Regardless of his "bias", this is a problem. In fact, sometimes the people with the most to gain do a great job giving the others the opportunity to gain instead. Either way, he just upped the bar for browser security, which benefits us all.

          Don't just blow him off.
  • by ideatrack (702667) on Tuesday October 19, 2004 @07:26AM (#10563397)
    There's a good phrase I can use to explain this one:

    If you work in a monkey house, you expect to be pelted with shit.
  • hmmm (Score:4, Funny)

    by Anonymous Coward on Tuesday October 19, 2004 @07:26AM (#10563400)
    I'd love to read the article, but the page seems to contain malformed HTML...
  • by richie2000 (159732) <rickard.olsson@gmail.com> on Tuesday October 19, 2004 @07:26AM (#10563402) Homepage Journal
    It's strangely fitting that the response I first got was the error message: "Nothing for you to see here. Please move along." The Slashdot effect has finally spread to the browser.

    However, my Mozilla passed the test without crashing. :-P

  • by Anonymous Coward on Tuesday October 19, 2004 @07:27AM (#10563409)
    They didn't say that IE also started randomly installing Bonzi Buddy et al during the test, the users' credit card numbers were automagically emailed to Romania, there was an sudden increase in outbound port 25 traffic from the system, and they ended the session with about 37 momre toolbars installed then they started with.
  • by jonwil (467024) on Tuesday October 19, 2004 @07:29AM (#10563415)
    Aparently, XPSP2 (including the new IE) was recompiled with the latest visual studio and with all the options turned on to better catch issues.
  • by Darren Winsper (136155) on Tuesday October 19, 2004 @07:32AM (#10563442) Homepage
    I don't know if they still use it, but the Linux kernel developers used to use a program called "crashme" to help test kernel stability. Essentially, it generated random code and tried to execute it. Something like this for web browsers would make for a very useful procedure. Generate the code, throw it at the browser and log the code if it crashed the browser.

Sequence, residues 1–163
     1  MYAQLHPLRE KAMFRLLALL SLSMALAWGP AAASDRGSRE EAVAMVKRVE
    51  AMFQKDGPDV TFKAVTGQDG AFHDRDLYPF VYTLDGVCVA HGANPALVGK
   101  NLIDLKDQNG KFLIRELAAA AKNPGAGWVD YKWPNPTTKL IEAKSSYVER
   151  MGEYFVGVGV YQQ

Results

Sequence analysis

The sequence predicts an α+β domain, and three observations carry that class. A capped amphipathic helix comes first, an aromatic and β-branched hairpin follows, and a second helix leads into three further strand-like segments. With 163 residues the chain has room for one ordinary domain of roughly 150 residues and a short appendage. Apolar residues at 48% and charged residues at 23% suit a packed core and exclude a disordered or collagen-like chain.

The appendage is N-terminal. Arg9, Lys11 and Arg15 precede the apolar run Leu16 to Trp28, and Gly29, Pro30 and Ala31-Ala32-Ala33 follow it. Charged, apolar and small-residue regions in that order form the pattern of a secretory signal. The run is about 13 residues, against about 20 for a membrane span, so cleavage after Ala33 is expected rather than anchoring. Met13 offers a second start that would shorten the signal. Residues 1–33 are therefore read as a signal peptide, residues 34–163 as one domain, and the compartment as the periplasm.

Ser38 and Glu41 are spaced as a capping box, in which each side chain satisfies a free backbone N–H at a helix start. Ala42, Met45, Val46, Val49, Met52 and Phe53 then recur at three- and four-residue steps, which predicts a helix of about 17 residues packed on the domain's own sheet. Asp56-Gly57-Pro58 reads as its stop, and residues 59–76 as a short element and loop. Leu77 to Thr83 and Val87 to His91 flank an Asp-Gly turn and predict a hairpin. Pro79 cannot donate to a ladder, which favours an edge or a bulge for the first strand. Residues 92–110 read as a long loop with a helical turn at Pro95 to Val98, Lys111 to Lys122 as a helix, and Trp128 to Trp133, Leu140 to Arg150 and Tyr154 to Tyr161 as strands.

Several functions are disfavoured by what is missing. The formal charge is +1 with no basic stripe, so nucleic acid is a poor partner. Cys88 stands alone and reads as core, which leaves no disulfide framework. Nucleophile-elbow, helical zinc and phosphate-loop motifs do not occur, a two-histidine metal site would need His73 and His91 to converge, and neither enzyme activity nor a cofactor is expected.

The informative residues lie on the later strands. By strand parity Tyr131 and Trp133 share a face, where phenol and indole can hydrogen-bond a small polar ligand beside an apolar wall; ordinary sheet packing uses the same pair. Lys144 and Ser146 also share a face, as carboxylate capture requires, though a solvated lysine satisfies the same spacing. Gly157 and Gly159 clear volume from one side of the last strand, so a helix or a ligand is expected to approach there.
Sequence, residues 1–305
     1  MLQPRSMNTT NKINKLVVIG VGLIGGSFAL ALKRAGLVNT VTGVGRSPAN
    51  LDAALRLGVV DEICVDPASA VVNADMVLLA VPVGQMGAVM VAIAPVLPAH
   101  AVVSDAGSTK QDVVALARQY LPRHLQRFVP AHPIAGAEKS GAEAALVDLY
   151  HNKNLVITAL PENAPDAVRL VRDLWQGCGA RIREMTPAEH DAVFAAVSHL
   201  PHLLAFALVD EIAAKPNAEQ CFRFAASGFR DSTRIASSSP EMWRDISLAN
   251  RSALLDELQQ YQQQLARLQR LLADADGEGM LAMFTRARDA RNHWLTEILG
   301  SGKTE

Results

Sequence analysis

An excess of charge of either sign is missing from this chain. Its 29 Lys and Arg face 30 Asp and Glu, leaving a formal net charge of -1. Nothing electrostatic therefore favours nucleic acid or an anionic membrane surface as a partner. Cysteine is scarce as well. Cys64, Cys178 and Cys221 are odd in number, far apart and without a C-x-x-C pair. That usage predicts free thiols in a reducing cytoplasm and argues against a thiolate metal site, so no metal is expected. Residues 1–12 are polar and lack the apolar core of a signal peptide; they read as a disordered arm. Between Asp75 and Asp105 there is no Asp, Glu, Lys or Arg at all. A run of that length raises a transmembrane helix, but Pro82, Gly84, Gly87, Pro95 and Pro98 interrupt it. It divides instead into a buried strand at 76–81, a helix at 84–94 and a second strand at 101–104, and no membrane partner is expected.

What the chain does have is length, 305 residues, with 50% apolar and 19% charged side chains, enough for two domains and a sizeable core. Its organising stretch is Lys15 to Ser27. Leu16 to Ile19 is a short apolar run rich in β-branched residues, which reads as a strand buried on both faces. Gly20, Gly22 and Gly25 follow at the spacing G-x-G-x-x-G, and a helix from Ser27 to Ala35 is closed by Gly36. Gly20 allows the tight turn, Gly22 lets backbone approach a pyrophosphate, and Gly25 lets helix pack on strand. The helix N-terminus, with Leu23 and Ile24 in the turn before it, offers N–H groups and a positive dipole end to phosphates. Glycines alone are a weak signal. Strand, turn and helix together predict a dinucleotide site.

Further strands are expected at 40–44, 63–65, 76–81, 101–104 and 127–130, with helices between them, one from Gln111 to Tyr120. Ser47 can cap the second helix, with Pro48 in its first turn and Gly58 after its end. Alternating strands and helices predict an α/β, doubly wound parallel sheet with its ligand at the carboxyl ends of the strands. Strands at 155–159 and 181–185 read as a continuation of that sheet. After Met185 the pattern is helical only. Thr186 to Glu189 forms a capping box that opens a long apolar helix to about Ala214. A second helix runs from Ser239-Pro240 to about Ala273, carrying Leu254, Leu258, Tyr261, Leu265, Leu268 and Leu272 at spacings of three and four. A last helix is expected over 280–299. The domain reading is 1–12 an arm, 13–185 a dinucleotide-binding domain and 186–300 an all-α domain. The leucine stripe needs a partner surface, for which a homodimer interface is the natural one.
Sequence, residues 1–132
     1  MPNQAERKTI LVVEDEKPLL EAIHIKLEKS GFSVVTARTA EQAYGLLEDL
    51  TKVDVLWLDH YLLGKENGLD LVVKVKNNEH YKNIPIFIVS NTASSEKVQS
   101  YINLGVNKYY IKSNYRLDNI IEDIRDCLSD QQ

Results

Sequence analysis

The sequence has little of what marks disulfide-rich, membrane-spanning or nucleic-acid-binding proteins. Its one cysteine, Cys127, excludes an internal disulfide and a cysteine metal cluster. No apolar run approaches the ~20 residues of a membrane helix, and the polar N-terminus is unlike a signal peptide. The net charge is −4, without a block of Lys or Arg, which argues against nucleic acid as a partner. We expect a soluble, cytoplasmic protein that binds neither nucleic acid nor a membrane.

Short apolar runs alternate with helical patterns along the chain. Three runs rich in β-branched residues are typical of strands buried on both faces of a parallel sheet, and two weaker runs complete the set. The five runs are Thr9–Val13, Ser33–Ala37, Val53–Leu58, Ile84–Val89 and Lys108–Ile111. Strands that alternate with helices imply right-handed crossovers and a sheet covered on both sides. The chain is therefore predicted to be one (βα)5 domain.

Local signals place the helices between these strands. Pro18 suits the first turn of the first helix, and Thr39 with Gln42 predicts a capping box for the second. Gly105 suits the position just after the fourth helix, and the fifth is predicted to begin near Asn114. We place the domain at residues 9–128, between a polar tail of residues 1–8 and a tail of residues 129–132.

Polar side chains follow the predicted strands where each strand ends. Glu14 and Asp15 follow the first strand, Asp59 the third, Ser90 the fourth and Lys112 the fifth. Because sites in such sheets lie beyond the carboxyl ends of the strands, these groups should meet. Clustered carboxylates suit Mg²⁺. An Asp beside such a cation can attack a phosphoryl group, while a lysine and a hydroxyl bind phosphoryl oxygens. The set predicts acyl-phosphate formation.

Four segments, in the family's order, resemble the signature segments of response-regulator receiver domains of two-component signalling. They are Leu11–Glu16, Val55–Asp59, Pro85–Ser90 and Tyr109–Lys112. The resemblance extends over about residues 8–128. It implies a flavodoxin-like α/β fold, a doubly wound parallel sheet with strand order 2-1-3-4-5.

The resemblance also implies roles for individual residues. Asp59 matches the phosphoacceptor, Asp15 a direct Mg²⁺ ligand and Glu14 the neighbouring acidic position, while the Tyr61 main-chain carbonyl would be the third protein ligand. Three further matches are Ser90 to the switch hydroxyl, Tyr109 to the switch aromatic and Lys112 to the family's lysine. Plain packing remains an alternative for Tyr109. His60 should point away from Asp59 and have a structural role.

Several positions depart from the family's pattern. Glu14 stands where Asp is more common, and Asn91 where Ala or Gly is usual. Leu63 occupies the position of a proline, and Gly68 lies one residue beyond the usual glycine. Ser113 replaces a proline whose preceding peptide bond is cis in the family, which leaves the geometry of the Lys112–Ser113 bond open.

• by pohl (872) on Tuesday October 19, 2004 @09:22AM (#10564193) Homepage
      I remember crashme, and I just checked the debian packages and anybody can "apt-get install crashme" to give it a whirl.

      I'd like to second the AC's suggesting of taking these HTML test cases and constructing an apache module that creates garbage HTML like this. The result would be a great contribution all browsers.

      The mozilla project did have a test that sent the browser to random pages accross the web, which exposed it to all sorts of garbaged HTML, I'm sure, but generating randomly garbaged HTML would probably be a more strenuous test.
  • by Anonymous Coward on Tuesday October 19, 2004 @07:32AM (#10563445)
    Nothing crashed. I got blank pages, all the weird HTML and all, but no errors and nothing crashed. w00t.
  • Konqueror and bugs (Score:3, Informative)

    by Anonymous Coward on Tuesday October 19, 2004 @07:35AM (#10563458)
    Konqueror has a neat bug symbol on the lower right corner when displaying buhhy html code.
    I think this is a nice feature.
    I wish that konqueror would have been tested. It's a good browser.
  • All Other Browsers? (Score:3, Interesting)

    by polyp2000 (444682) on Tuesday October 19, 2004 @07:37AM (#10563470) Homepage Journal